Demonstrators in Sri Lanka have demanded the resignation of the government over its handling of the economy © AFP via Getty Images

3. Amazon closes deal to acquire film studio MGM The $8.45bn acquisition, which includes debt, is Amazon’s largest in the media space and its biggest of any kind since the $13.7bn purchase of Whole Foods in 2017. Amazon closed its deal after US and European competition regulators declined to block the move, despite growing concern over the ecommerce giant’s size.

4. Spotify draws up plans to join NFT craze Spotify is drawing up plans to add blockchain technology and non-fungible tokens to its streaming service. Two recent job advertisements show Spotify is recruiting people to work on early-stage projects related to Web3.

5. Nazanin Zaghari-Ratcliffe released from Iran UK-Iranian dual national Nazanin Zaghari-Ratcliffe has arrived back in Britain after being detained by Tehran almost six years ago, in a move that could boost western diplomatic efforts to revive the 2015 nuclear accord.

Coronavirus digest

The days ahead

Biden-Xi call US president Joe Biden will hold a phone call with his Chinese counterpart Xi Jinping on Friday to discuss the war in Ukraine, among other issues.

Quadruple Witching Day Today is the day stock index futures, stock index options, stock options and single-stock futures expire, creating a flood of trading volume and arbitrage opportunities. (FT, Investopedia)

South Australian elections Voters go to the polls on Saturday for state parliamentary elections in South Australia, where a Labor victory appears likely. (The Conversation)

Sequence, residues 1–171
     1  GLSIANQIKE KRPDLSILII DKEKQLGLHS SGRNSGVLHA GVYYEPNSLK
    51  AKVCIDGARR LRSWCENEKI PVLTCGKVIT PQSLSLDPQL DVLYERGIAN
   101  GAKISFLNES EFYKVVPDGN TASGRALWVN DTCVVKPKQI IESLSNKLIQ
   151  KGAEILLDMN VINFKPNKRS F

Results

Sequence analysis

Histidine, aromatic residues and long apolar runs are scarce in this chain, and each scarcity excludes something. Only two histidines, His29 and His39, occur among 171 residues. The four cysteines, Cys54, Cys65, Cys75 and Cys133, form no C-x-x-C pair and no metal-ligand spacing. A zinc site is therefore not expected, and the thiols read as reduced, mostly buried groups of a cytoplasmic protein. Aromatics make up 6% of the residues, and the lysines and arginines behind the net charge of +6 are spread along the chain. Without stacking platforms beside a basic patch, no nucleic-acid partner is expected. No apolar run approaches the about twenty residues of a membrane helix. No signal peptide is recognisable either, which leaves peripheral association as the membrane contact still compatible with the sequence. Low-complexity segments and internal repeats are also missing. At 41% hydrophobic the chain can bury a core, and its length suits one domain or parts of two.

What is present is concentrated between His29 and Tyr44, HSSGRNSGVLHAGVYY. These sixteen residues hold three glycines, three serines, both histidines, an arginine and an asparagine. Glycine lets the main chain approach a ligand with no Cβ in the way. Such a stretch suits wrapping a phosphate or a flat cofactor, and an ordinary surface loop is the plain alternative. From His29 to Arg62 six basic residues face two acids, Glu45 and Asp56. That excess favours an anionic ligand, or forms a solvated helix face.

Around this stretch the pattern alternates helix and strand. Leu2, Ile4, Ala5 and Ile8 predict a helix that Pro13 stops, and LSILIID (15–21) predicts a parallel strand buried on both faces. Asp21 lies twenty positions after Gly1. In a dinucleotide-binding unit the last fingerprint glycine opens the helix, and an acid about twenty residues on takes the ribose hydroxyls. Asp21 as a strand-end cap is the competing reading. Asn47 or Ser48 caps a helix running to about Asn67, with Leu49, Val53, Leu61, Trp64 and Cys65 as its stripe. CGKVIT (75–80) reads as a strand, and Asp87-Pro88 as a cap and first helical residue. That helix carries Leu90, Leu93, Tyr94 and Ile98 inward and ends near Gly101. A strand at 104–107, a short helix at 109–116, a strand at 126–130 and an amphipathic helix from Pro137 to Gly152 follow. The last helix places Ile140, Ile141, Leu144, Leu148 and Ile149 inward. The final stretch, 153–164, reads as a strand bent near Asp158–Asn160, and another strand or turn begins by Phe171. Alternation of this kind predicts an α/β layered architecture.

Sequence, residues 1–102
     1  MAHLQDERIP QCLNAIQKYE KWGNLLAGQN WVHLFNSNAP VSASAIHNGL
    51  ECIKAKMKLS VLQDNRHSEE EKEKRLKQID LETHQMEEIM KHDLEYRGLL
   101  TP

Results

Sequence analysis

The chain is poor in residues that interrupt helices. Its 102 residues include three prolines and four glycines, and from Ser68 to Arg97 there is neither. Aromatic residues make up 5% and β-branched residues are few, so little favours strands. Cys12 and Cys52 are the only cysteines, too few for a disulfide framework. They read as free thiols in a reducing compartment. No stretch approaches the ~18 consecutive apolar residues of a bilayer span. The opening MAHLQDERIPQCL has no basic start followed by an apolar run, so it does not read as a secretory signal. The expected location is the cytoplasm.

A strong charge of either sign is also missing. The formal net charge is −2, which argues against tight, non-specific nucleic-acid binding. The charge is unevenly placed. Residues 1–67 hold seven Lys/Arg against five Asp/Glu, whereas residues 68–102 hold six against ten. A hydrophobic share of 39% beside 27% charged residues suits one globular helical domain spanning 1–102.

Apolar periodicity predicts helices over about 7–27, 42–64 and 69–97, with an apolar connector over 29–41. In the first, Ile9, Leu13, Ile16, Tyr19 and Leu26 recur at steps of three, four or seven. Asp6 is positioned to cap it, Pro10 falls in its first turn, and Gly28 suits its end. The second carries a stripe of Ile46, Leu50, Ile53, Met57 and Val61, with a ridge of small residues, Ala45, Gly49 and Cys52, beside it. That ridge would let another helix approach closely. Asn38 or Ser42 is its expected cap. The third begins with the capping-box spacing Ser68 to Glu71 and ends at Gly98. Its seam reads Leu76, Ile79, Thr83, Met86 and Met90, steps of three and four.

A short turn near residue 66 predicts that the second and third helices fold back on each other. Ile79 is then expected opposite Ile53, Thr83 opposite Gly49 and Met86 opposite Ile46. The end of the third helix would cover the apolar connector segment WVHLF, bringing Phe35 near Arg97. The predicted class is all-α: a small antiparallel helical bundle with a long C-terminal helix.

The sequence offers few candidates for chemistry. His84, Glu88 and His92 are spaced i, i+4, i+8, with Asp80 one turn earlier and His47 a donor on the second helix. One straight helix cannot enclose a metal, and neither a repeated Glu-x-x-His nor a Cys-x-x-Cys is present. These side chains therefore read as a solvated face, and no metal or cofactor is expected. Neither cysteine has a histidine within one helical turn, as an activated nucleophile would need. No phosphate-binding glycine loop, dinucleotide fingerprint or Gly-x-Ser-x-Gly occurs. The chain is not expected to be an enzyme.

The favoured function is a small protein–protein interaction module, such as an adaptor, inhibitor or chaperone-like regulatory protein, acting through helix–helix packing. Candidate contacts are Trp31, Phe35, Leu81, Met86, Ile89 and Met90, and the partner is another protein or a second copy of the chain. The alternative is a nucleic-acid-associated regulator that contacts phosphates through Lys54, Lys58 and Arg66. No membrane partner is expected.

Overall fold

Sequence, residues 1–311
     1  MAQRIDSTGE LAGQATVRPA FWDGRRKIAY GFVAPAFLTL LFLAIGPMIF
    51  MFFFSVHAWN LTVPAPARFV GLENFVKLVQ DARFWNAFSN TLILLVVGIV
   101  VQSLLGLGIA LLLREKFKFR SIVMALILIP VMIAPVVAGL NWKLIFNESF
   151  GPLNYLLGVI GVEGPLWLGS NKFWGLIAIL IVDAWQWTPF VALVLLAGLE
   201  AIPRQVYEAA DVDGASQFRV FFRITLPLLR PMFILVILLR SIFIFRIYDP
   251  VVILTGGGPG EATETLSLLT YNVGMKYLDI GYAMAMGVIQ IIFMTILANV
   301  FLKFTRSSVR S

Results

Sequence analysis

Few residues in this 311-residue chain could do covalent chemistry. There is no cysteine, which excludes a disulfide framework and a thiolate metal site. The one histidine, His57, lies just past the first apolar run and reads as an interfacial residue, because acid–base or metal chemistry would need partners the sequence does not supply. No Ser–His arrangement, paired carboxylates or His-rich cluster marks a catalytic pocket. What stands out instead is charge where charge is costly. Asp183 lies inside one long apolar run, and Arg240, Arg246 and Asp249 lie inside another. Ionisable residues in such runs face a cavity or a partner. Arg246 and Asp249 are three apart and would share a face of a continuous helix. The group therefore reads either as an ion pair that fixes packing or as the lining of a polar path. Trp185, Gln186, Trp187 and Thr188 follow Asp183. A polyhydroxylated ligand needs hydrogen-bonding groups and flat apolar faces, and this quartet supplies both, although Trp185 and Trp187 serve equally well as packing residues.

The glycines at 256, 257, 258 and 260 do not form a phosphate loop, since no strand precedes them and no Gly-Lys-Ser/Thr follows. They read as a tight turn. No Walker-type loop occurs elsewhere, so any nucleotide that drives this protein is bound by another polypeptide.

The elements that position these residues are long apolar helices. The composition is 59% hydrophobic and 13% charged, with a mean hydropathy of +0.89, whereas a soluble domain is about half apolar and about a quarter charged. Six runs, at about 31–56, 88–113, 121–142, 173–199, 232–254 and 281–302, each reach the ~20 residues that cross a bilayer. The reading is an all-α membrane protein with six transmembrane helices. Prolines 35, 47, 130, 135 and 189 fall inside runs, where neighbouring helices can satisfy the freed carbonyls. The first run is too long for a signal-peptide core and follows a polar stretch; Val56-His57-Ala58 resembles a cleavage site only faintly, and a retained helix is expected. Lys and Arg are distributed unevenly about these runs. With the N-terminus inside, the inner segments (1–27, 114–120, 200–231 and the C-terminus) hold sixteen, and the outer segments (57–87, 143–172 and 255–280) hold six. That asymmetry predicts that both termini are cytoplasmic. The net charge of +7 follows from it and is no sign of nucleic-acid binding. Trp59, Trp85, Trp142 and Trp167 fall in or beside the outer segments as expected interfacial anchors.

What else we’re reading

The fastest growing companies in Asia-Pacific The fourth annual ranking of high-growth companies in Asia-Pacific is our most competitive to date. An ecommerce business from the Philippines tops the list, while Japan is home to the most growth champions.

China Inc unconvinced Xi’s regulatory storm is over Vice premier Liu He’s pledge that Beijing would support the economy and financial markets had immediate effect in stemming a market rout on Wednesday. Yet analysts and insiders have warned that Liu’s comments might not mean the end of Beijing’s punishing regulatory overhaul and unpredictable policymaking.

Mukesh Ambani vs Jeff Bezos: The battle for India retail The long-running saga has pitted two of the world’s richest people against each other for the future of Indian retail. It highlights the difficulties for overseas ecommerce companies seeking to expand in a country that has 1.4bn consumers, but where regulations give local players an advantage.

Maths skills oil the wheels of financial literacy The biggest service we could do for future financial literacy is to embed mathematical skills for today’s pupils, writes Hilary Cooper. This article is the latest part of the FT’s Financial Literacy and Inclusion Campaign.


At some point in the past couple of years, the practice of missing meals has grown so common as to be unremarkable. But when does it become dangerous? Jamie Waters explores the truth about fasting.